But apparently some of these people were apparently a special kind of crazy. They started targeting my husband. Someone even left a comment on his personal blog on a post about our wedding anniversary. This particular wacko seems to think that his heart-felt post about our married life was a sophisticated attempt at bolstering the "lie" that my visa was held up. I suppose the hundreds of other Americans who couldn't go to Brazil were also part of, um, the world's most boring conspiracy theory? Yeah, I spent thousands of dollars and wasted countless hours for months planning a trip that I never wanted to take all along. How'd you figure it out!?
I've been attacked in Austin, Israel, China and Africa for seemingly innocuous things I've done or written, but no one has ever gone after my husband. Now I'm in a position where he's incensed and scared for my safety and trying to convince me not to travel to Brazil at all, to cut the country out of my book completely. And if you've read some of the comments-- that's not necessarily an over-reaction.
Honestly, what is wrong with people? No one at TechCrunch has stood up for entrepreneurs in emerging markets and criticized the US visa system more than I have. Not only that, but I don't know any US business reporter who spends thousand of dollars of his or her own money to travel to other countries and give amazing entrepreneurs the exposure they deserve. TechCrunch is hardly the end-all-be-all, but a lot of entrepreneurs have wound up getting customers and funding from being written about there.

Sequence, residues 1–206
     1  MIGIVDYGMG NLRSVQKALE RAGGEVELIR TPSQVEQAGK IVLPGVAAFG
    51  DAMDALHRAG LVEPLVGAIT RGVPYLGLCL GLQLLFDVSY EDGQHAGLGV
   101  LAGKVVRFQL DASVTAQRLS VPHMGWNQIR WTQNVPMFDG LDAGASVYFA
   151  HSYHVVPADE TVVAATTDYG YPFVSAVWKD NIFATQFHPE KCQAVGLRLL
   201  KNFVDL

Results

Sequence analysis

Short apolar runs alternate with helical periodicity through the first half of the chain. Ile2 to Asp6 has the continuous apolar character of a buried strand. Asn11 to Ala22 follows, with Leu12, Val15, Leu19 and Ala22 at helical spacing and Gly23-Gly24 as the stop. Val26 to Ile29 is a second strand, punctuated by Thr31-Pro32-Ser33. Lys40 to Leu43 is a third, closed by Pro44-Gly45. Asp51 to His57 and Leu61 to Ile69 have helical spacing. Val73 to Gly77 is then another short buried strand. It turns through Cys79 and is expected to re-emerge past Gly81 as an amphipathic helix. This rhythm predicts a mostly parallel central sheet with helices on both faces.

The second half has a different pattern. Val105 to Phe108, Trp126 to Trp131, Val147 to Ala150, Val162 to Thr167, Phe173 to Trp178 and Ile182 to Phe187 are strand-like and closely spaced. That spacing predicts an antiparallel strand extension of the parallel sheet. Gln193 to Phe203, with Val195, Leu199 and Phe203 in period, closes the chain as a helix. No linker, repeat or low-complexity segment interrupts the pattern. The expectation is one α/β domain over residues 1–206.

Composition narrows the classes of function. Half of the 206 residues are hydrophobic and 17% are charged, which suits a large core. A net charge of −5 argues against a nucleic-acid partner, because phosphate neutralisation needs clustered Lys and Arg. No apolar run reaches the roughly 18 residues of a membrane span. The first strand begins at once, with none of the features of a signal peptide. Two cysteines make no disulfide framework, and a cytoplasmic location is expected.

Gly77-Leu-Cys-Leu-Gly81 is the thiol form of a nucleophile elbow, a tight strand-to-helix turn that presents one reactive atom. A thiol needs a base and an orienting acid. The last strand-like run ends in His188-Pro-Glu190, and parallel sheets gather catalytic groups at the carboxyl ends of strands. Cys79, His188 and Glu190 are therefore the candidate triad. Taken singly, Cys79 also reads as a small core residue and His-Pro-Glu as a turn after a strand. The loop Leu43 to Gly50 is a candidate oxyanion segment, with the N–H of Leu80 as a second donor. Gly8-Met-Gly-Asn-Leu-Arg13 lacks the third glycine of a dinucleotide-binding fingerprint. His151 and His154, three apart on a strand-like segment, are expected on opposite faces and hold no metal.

This whole thing worries me that maybe the premise for this new book is wrong. Not the core premise-- that the greatest opportunity to build the next wave of multi-billion companies is outside the US. I still believe that opportunity is there. And I've traveled enough to see that the talent is there. But when people's families are threatened over a post about burocratic ineptitude, a lot of potential investors, business partners or acquirers will decide maybe that opportunity just isn't worth it. There's a real risk that that opportunity never gets fully realized and that's bad for everyone.
Will I still go to Brazil in December? I don't know. I want to. I have my visa now. But would you go to a country where people were threatening to spit in your face and rape you as soon as you arrive in exchange for, um, you wanting to help their businesses?
For obvious reasons, comments on this post are closed. Have the cojones to send me an email if you have something to say to me about this topic.
An unforgettable portrait of the emerging world's entrepreneurial dynamos Brilliant, Crazy, Cocky is the story about that top 1% of people who do more to change their worlds through greed and ambition than politicians, NGOs and nonprofits ever can. This new breed of self-starter is taking local turmoil and turning it into opportunities, making millions, creating thousands of jobs and changing the face of modern entrepreneurship at the same time. To tell this story, Lacy spent forty weeks traveling through Asia, South America and Africa hunting down the most impressive up-and-comers the developed world has never heard of....yet.